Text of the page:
One-third of homeless are youths, says Winnipeg Street Census
Almost one-third of people who are living on the streets are under 18 years of age, according to the Winnipeg Street Census.
A team of volunteers, working in partnership with a wide range of local community agencies, hit the streets in the spring to collect vital information from the homeless for the Winnipeg Street Census, the results of which were released Wednesday morning.
With 1,519 homeless Winnipeggers surveyed over two days in April, the Street Census found 455 homeless people classified as youth or children.
Of those children, 93 of those were under the care of a parent or guardian, and 31 were under 18 living on their own.
More than 85 per cent of youth on the streets reported experiencing mental health distress.
“The Street Census is not an attempt to count the total number of people experiencing homelessness,” said the final report, “but provide a snapshot of who is experiencing homelessness, some of the reasons for it, and barriers to exiting it.”
Of that number, Indigenous people are vastly over-represented on Winnipeg’s streets. More than 65 per cent of those surveyed identified as Indigenous, with 60 per cent of those having come to Winnipeg after growing up in First Nations communities. More than 20 per cent of those had lived in Winnipeg for a 18 months or less.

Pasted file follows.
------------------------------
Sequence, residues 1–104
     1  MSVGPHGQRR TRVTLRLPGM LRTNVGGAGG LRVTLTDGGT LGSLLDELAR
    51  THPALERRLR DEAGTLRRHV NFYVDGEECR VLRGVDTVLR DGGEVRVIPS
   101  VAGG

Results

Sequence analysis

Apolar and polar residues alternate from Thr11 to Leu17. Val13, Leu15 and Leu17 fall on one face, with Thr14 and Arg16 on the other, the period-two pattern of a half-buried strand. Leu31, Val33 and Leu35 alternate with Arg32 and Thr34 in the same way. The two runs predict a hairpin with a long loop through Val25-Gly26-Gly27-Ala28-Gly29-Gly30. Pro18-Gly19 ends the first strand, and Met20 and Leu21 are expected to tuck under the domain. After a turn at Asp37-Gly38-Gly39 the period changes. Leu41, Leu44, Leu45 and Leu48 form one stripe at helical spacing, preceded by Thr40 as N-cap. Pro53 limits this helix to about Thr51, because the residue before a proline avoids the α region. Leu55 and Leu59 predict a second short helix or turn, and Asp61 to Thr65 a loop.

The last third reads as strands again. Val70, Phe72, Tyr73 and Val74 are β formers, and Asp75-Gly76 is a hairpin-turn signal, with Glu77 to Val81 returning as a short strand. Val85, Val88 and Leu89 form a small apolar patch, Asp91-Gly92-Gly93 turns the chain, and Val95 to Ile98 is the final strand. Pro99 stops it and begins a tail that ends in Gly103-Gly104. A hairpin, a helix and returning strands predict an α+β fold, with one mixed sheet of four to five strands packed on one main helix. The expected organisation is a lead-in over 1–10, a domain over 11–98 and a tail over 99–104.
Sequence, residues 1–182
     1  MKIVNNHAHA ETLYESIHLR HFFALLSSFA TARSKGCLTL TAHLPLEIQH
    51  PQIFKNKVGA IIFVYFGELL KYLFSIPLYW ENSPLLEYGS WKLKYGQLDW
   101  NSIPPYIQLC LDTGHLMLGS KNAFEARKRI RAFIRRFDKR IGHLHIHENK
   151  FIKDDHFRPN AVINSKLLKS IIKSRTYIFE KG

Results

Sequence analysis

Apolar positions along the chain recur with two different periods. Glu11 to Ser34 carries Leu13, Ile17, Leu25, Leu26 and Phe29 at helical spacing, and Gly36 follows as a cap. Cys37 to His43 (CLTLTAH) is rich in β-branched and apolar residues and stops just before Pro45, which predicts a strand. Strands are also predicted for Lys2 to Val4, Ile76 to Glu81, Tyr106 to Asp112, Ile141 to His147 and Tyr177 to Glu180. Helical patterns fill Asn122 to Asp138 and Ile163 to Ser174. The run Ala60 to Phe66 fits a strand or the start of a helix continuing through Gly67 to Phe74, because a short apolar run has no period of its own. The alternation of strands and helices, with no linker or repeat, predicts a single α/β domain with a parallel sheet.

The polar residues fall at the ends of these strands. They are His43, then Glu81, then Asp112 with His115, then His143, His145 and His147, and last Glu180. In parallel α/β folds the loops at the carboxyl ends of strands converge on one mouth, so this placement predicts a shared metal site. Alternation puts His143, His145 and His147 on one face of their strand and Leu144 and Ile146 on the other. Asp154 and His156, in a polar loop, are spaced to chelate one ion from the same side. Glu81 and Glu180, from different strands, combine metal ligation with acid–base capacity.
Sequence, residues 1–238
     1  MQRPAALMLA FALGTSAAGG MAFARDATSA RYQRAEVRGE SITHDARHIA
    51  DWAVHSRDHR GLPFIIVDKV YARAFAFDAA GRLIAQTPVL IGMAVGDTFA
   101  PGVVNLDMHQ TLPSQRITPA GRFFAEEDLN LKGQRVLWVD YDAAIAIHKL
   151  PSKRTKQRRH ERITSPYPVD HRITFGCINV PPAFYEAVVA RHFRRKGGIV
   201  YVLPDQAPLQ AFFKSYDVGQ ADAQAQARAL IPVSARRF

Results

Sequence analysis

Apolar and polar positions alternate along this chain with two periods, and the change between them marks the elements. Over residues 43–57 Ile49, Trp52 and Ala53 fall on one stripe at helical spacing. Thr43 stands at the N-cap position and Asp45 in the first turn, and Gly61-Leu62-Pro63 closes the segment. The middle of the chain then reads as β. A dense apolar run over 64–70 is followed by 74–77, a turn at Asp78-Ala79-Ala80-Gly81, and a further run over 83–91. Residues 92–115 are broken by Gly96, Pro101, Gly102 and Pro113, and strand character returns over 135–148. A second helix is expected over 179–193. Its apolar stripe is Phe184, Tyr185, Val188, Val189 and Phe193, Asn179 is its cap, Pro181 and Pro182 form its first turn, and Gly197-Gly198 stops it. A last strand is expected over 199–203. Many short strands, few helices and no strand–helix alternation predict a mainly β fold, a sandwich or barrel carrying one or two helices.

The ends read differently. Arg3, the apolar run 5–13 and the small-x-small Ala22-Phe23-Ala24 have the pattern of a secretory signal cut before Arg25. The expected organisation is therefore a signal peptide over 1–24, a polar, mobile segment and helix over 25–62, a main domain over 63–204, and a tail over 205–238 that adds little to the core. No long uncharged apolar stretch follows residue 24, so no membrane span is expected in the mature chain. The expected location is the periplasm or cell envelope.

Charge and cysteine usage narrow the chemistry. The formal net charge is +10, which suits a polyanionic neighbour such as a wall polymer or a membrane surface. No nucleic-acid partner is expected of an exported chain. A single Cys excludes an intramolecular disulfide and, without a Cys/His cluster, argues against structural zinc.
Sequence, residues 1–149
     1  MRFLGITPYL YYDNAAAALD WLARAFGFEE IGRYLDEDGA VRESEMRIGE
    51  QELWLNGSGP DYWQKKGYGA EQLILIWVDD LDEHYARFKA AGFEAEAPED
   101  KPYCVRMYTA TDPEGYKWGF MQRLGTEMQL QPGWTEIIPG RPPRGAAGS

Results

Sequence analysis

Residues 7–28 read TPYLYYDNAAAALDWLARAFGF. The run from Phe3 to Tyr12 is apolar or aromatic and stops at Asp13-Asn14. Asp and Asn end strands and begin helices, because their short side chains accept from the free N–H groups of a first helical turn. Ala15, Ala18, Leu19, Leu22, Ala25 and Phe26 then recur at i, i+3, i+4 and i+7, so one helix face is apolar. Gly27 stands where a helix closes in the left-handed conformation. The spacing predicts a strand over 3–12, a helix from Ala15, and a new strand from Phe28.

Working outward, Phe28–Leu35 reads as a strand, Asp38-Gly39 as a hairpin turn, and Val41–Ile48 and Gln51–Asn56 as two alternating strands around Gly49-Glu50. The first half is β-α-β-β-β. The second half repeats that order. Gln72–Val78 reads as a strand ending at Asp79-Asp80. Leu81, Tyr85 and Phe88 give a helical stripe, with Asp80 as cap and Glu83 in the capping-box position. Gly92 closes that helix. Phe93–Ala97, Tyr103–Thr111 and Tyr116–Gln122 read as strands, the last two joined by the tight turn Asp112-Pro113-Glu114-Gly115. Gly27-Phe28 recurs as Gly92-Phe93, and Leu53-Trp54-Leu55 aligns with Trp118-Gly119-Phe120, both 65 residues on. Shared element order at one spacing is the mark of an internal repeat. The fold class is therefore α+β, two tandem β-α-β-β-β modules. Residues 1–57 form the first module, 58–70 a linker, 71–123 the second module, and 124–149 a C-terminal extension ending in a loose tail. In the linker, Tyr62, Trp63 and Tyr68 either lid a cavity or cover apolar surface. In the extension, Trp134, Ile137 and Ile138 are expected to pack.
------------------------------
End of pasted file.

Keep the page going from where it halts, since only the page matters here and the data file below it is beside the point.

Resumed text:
More than half of the Indigenous people surveyed also said they’d spent time in the care of Child and Family Services.
“One person talked about their experience moving from their home reserve to Winnipeg for high school,” said a volunteer surveyor.
“They moved in with a family and then moved around to different families. They talked about being homeless for a few weeks in between each home. They described how much harder it is to do school if you are homeless.”
Only 4.9 per cent of the overall survey group said they had come to Canada as immigrants or refugees, which the census report credits to positive strides taken by settlement agencies and cultural communities to settle in Winnipeg.
It acknowledged, however, many newcomers may have been missed by the census due to differing cultural views on homelessness among other factors.
The census results indicate that Winnipeg’s homeless are overwhelmingly male, with the 50+ age group making up over 20 per cent.
There are differing degrees of homelessness as well. The vast majority of those surveyed fall into the ‘provisionally sheltered’ category – people staying in short-term transitional housing, institutional care, a hotel/motel, or temporarily staying with someone else.
A further 392 people were staying at emergency shelters, while 204 were completely unsheltered.
The Street Census outlined a number of potential strategies to improve the outlook for Winnipeg’s homeless population, including setting up better support systems for Indigenous people transitioning from reserves to the city, as well as recommendations for increasing the supply of affordable housing and increasing financial assistance levels.
WATCH: State of homelessness in Winnipeg
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